Teaching with the Giant Map of Africa

Posted on February 18th, 2013 by

This semester’s elementary Social Studies methods group jumped right into teaching! For our first day of class, we helped second grade students from St. Peter’s South Elementary explore National Geographic’s Giant Map of Africa.

In this activity, we asked students to estimate whether Africa is longer north-south or east-west. Then the second grade students used their bodies to find in the answer!


Here are a few things that our teacher candidates had to say about the experience:

  • “I was able to connect with and teach students about Africa. It means a lot when you get the opportunity to put into practice what you are learning in your college classes! Sarah Larson, junior, Elementary Education major
  • “Using the Giant map created a learning environment that promoted engagement, physical activity, as well as fun.” Joshua Timmerman, senior, Elementary Education major


  • “The map represented one of the many diverse tools that can utilized in a classroom to enhance learning. Using the Giant Map of Africa provided students with a more hands-on experience that they couldn’t experience with a simple map in a classroom.” Brad Kluver, senior, Elementary Education major

We also made the local paper! Click here to read what the St. Peter Herald has to say about the event! (Jill Oxborough and Megan Schroepfer were quoted!)



  1. Sarah Martin says:

    The giant map of Africa is a good example of hands on learning that many students can benefit from. The fact that kids are able to actually walk on the map and walk along its features makes the learning experience more memorable and meaningful. I would opportunities like this in the classroom!

    When working with different groups of children, I definitely saw difference from group to group. The first group that I led was very well mannered and payed attention throughout the “tour.” My second group seemed to be all over the place and it was hard to hold their attention. This is a good reminder that all students are different and I will have to work at engaging each and everyone of them.

  2. Megan Schroepfer says:

    I really enjoyed this activity! It was not only fun for us to teach but also to see the students be so engaged. I learned a lot for the map and I know for a fact that the students learned a lot as well. I am really happy we had the opportunity to work with the map. It was a once in a life time experience.

  3. Joshua Timmerman says:

    This activity was not only a ton of fun for the students, but it was extremely fun for all of us who were teaching the students! It was a wonderful way to integrate physical activity with a wide variety of content areas. It was amazing to see what the students were able to learn in such a short period of time. They were picking up complex ideas of population density and distribution, and they were only in second grade! It was a great activity.

  4. Kara Peterson says:

    I will admit that when I had heard we would be teaching about Africa it had made me a bit nervous. I mean, sure, I remember learning about the Horn of Africa in World Regional Geography, but I did not think that was enough to get me through the entire lesson! However, after looking back and reflecting on how everything went, I would say the event was a huge success!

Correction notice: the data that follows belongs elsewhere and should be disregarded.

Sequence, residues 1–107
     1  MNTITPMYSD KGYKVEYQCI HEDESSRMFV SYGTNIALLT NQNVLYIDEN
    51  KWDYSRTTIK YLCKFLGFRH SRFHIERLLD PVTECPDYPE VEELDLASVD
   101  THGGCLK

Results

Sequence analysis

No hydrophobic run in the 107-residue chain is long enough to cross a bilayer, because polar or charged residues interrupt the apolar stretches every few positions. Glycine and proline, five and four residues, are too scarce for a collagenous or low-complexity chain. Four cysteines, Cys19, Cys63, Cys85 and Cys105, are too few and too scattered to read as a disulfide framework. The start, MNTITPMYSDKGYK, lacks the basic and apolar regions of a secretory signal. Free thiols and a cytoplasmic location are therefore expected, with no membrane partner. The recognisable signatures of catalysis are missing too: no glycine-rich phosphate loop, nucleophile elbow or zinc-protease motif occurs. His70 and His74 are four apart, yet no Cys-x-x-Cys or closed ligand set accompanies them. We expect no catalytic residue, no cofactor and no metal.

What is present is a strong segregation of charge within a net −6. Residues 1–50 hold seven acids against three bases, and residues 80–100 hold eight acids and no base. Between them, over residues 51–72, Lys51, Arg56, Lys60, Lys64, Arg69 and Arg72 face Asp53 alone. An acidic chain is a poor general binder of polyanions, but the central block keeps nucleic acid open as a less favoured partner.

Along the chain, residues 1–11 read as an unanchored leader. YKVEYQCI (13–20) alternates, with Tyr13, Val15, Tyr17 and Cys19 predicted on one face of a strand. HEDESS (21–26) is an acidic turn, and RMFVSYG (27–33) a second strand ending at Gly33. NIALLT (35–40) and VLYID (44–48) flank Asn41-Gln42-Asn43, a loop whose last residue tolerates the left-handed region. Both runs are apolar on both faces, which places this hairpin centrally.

I think this goes to show how real teaching is like. You never know when a ‘teachable moment’ will occur, and when it does, you have to seize the opportunity. In the end I believe the students both enjoyed using the map and learned a lot of information. For example, I work with quite a few of the students at my work-study job and many of the students were talking about it the next day. They were talking about sorts of different things they had learned. This was a great opportunity for all of us as pre-service teacher and a nice jumpstart into methods.

  5. Jenna Johnson says:

    When doing this activity, I had so much and maybe even more fun than the students while exploring the map. It was great to be interactive with information and you could visualize the geographical information that was being presented. I think the kids enjoyed it to because they were able to move around while learning map skills that could be seen as rather boring in a normal classroom setting.

  6. Sarah Larson says:

    This was such a great experience to apply what we are learning in class to a real-life situation. I learned a lot about Africa myself through teaching these mini-lessons and it was great to have the students get so excited about learning in a new and different way.

  7. Stephanie Glaser says:

    Working with the giant map was a great experience for the students, and us too; we all got to experience learning about another continent in a way that we never had before. The students were very engaged the whole time and excited to learn!

  8. Casey Dowling says:

    I was so excited when I heard that we would be teaching on our second day of class! I was a little nervous about teaching about Africa, but doing a little research and learning about the map before the kids arrived gave me the confidence I needed. The map was a huge success, and a really awesome experience to be a part of. The students loved it and were able to learn so much in a quick 30 minute lesson!

  9. Nicole Haglund says:

    On our 1st day of class we were told we would be teaching 2nd graders the following day. I was very surprised and anxious for the lesson. It turned out to be a hit! I think the kids really enjoyed this unique opportunity! As a pre-service teacher it was a great experience!

  10. Caitlin Bonde says:

    I loved how this was such a fun activity for both the students and us, as pre-service teachers. I honestly learned a lot from exploring this giant map. This was a perfect way to begin our method’s courses!